Advance directives for medical care--a case for greater use.
ABSTRACT BACKGROUND. Advance directives for medical care and the designation of proxy decision makers to guide medical care after a patient has become incompetent have been widely advocated but little studied. We investigated the attitudes of patients toward planning, perceived barriers to such planning, treatment preferences in four hypothetical scenarios, and the feasibility of using a particular document (the Medical Directive) in the outpatient setting to specify advance directives.
We surveyed 405 outpatients of 30 primary care physicians at Massachusetts General Hospital and 102 members of the general public in Boston and asked them as part of the survey to complete the Medical Directive.
Advance directives were desired by 93 percent of the outpatients and 89 percent of the members of the general public (P greater than 0.2). Both the young and the healthy subgroups expressed at least as much interest in planning as those older than 65 and those in fair-to-poor health. Of the perceived barriers to issuing advance directives, the lack of physician initiative was among the most frequently mentioned, and the disturbing nature of the topic was among the least. The outpatients refused life-sustaining treatments in 71 percent of their responses to options in the four scenarios (coma with chance of recovery, 57 percent; persistent vegetative state, 85 percent; dementia, 79 percent; and dementia with a terminal illness, 87 percent), with small differences between widely differing types of treatments. Specific treatment preferences could not be usefully predicted according to age, self-rated state of health, or other demographic features. Completing the Medical Directive took a median of 14 minutes.
When people are asked to imagine themselves incompetent with a poor prognosis, they decide against life-sustaining treatments about 70 percent of the time. Health, age, or other demographic features cannot be used, however, to predict specific preferences. Advance directives as part of a comprehensive approach such as that provided by the Medical Directive are desired by most people, require physician initiative, and can be achieved during a regular office visit.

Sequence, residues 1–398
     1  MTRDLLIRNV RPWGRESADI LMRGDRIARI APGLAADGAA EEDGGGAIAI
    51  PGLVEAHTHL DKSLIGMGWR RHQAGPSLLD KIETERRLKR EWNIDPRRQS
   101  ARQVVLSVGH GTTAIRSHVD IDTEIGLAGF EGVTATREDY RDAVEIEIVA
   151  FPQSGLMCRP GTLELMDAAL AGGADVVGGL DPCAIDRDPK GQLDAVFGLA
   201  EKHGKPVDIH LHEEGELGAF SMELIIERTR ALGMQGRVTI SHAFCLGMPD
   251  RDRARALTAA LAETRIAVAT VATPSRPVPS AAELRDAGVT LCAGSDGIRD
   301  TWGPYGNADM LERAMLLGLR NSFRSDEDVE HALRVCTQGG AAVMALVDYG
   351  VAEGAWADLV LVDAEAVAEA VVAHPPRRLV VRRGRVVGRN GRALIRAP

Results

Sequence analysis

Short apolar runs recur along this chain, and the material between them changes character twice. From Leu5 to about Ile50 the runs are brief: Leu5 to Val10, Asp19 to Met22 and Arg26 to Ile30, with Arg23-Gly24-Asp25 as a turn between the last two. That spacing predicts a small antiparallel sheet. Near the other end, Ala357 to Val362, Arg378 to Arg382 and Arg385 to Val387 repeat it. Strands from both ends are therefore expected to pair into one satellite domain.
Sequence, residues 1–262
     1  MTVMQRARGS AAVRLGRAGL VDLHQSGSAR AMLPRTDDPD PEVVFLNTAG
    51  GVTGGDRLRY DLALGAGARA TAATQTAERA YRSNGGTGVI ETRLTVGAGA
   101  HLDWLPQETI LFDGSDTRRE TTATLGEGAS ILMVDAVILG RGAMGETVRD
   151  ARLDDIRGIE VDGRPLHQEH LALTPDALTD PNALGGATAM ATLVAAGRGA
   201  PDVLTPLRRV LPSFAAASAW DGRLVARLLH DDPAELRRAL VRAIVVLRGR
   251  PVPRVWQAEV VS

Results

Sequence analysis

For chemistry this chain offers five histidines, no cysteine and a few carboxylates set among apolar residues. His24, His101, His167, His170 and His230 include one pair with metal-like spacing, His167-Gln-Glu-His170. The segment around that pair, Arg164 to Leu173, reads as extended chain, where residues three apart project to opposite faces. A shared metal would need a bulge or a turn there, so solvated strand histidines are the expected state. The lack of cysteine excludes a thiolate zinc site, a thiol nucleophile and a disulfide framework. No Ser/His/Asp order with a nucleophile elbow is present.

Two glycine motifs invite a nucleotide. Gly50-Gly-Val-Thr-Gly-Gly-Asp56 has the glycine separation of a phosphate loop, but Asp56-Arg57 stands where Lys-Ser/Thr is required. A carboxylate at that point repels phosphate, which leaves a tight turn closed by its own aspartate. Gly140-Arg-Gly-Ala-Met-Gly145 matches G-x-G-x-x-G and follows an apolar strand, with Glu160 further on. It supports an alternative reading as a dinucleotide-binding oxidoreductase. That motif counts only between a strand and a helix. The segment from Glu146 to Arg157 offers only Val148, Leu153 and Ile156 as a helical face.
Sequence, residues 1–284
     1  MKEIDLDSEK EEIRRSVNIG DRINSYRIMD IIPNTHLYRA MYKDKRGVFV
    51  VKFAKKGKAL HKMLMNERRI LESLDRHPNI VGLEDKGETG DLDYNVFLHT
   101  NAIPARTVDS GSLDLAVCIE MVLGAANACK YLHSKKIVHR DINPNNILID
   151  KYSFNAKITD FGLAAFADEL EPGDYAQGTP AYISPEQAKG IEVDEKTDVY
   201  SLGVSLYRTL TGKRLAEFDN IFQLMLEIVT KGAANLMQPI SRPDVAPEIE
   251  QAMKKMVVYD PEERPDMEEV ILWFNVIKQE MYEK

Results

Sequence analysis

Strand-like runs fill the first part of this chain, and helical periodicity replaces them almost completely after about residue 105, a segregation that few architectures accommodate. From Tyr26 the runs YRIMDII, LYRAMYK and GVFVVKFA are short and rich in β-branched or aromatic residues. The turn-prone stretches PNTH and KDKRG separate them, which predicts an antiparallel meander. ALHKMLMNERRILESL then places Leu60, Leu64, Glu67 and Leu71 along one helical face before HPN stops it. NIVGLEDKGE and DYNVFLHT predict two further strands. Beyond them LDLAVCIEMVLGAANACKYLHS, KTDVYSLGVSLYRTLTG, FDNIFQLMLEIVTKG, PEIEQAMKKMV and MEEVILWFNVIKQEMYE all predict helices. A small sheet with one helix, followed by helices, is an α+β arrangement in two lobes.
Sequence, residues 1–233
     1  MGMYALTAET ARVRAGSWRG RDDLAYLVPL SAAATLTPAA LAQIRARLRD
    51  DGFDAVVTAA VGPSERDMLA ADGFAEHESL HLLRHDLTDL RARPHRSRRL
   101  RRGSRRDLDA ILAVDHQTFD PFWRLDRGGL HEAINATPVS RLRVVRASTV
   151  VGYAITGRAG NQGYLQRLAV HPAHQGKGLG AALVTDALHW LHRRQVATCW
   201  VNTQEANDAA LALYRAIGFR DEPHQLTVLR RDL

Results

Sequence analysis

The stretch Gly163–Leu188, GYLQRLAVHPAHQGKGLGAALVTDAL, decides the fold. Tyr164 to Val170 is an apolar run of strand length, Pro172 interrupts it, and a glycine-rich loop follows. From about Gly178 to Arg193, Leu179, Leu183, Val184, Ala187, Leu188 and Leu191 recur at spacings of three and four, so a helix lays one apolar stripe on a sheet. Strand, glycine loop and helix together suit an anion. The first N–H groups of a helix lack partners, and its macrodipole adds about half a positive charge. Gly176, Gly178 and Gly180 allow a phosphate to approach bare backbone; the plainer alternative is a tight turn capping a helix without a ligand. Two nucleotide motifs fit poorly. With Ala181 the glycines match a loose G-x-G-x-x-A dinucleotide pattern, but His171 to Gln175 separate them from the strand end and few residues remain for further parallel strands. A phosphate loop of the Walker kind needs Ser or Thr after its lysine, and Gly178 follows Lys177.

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ABSTRACT: Objective: To examine the relationship between intensive care unit (ICU) healthcare workers' confidence and their decision to withdraw life support. Design: Cross-sectional survey of Canadian intensivists, ICU housestaff, and bedside nurses. Respondents chose the level of care (from comfort measures only to full aggressive care) for 12 patients described in clinical scenarios, and rated their confidence in their decisions. Setting: Thirty-seven Canadian university-affiliated hospitals. Patients: None. Interventions: We used discrete data analysis models to examine the association between the chosen level of care, confidence in the decisions, the clinical scenario, and healthcare worker group. Measurements and Main Results: The response rate was 1,361 (76%)/1,795; for this analysis, we used data from 1,306 respondents with completed questionnaires. Responses for each scenario varied widely among respondents. The level of care chosen was dependent on the scenario, the healthcare worker group, and the confidence with which the decisions were made (p < .001 for each). Intensivists were less aggressive than the ICU nurses, who were less aggressive than the housestaff, but the magnitude of effect was small. Overall, respondents were very confident about their decisions 34% of the time. After adjustment for clinical scenario and chosen level of care, intensivists were more confident than nurses, who were more confident than housestaff (40% of intensivists, 29% of nurses, and 23% of housestaff were very confident). In general, healthcare workers tended to be more confident when they chose extreme levels of care than when they chose intermediate levels of care. Considerable variability in responses to scenarios remained even when we considered only those responses made with the highest level of confidence. Conclusions: While confidence in decisions about withdrawal of life support increases with seniority and authority, consistency of decisions may not. When given standard information, healthcare workers can make contradictory decisions yet still be very confident about the level of care they would administer. (Crit Care Med 1998; 26:44-49)Critical Care Medicine 01/1998; 26(1):44-49. DOI:10.1097/00003246-199801000-00015 · 6.15 Impact Factor
Archives of Internal Medicine 01/1996; 156(10):1062-1068. DOI:10.1001/archinte.156.10.1062 · 13.25 Impact Factor
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ABSTRACT: Advance directives (ADs) provide a way to express medical care preferences at the end of life, yet they are underutilized. This article analyzes the effect of the Patient Self-Determination Act and presents recommendations for the improvement of AD legislation. Although the Patient Self-Determination Act was intended to educate patients, clinicians, and the public about ADs, more work is needed to improve involvement in end-of-life care decision making for individuals who may be disenfranchised in this process.Journal of Human Behavior in the Social Environment 10/2013; 23(7):841-848. DOI:10.1080/10911359.2013.809287